Professional Regulation In Social Media (PRISM): validation of a tool for making decisions about professional behaviours on social media

Ryan, Gemma Sinead (2019). Professional Regulation In Social Media (PRISM): validation of a tool for making decisions about professional behaviours on social media. In: RCN International Nursing Research Conference 2019, 3-5 Sep 2019.



Background: There is ongoing debate around the concept of e-professionalism in the healthcare professions, with many incidents of unprofessional behaviour still reported despite policy and professional guidance having been in place for several years. A realist ethnographic study over 4 years identified inconsistent opinion across the nursing profession about what is or is not 'professional' in social media. As a result, a decision making tool was developed: Awareness to Action (A2A) 3Cs.

Aim: This project aimed to evaluate and validate the A2A 3Cs decision making tool for assessing whether behaviours in social media are acceptable, unacceptable, professional or unprofessional.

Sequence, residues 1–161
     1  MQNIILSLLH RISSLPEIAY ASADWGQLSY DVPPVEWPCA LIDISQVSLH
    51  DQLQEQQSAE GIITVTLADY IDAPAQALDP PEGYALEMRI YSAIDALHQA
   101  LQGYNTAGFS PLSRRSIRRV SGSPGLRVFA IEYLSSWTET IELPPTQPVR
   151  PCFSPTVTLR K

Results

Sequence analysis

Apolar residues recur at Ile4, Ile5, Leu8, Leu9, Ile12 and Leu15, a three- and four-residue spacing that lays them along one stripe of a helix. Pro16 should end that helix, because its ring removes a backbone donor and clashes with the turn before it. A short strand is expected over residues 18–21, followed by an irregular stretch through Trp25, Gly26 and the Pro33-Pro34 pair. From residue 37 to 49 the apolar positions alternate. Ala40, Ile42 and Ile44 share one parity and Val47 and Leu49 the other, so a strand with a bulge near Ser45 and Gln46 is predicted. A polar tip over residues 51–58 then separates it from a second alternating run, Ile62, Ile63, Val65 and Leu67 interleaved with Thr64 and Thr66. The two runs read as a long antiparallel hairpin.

Method: A pre-test, post-test survey design was employed to assess the internal validity and reliability of the tool during January to November 2018. Participants were presented with five examples of behaviour in social media and used the tool to assess what action they would take (if any). A survey was also used to evaluate the usability, usefulness and relevance to nursing practice. Ethical approval was granted from two higher education institutions. Participants were recruited through social media, two higher education institutions and an NHS trust.

Results: 45 nurses completed the pre-test, post-test validation component and 122 evaluated the tool. Using SPSS v24.0, Intraclass correlation showed excellent reliability 0.979 [CI 0.940, 0.997] p=0.000. Cronhbach's Kappa for each of the case examples showed high levels of internal validity. Kruskill-Wallis testing demonstrated no significant difference in decisions made based on age, nursing role, length of time registered and region of the United Kingdom.

Conclusion: The A2A 3Cs tool could potentially be used to refine and develop a more aligned approach to policy and professional guidance, promote consistency in perspectives about what is deemed to be unprofessional in the nursing profession and in the education of nurses and healthcare professionals on the topic of e-professionalism.

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